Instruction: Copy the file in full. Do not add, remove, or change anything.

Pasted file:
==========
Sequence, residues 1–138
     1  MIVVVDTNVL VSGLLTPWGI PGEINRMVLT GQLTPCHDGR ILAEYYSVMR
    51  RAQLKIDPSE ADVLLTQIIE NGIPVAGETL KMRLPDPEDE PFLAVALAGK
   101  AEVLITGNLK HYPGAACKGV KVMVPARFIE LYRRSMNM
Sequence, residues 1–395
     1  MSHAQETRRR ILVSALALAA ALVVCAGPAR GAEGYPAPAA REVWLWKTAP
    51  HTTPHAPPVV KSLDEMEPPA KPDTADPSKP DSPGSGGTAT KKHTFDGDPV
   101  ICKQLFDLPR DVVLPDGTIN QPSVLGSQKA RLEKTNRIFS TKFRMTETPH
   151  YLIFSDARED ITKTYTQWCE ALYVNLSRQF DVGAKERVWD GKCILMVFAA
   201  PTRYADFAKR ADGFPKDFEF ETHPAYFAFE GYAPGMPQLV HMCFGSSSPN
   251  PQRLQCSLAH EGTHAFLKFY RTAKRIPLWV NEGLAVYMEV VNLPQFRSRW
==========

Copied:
Sequence, residues 1–138
     1  MIVVVDTNVL VSGLLTPWGI PGEINRMVLT GQLTPCHDGR ILAEYYSVMR
    51  RAQLKIDPSE ADVLLTQIIE NGIPVAGETL KMRLPDPEDE PFLAVALAGK
   101  AEVLITGNLK HYPGAACKGV KVMVPARFIE LYRRSMNM
Sequence, residues 1–395
     1  MSHAQETRRR ILVSALALAA ALVVCAGPAR GAEGYPAPAA REVWLWKTAP
    51  HTTPHAPPVV KSLDEMEPPA KPDTADPSKP DSPGSGGTAT KKHTFDGDPV
   101  ICKQLFDLPR DVVLPDGTIN QPSVLGSQKA RLEKTNRIFS TKFRMTETPH
   151  YLIFSDARED ITKTYTQWCE ALYVNLSRQF DVGAKERVWD GKCILMVFAA
   201  PTRYADFAKR ADGFPKDFEF ETHPAYFAFE GYAPGMPQLV HMCFGSSSPN
   251  PQRLQCSLAH EGTHAFLKFY RTAKRIPLWV NEGLAVYMEV VNLPQFRSRW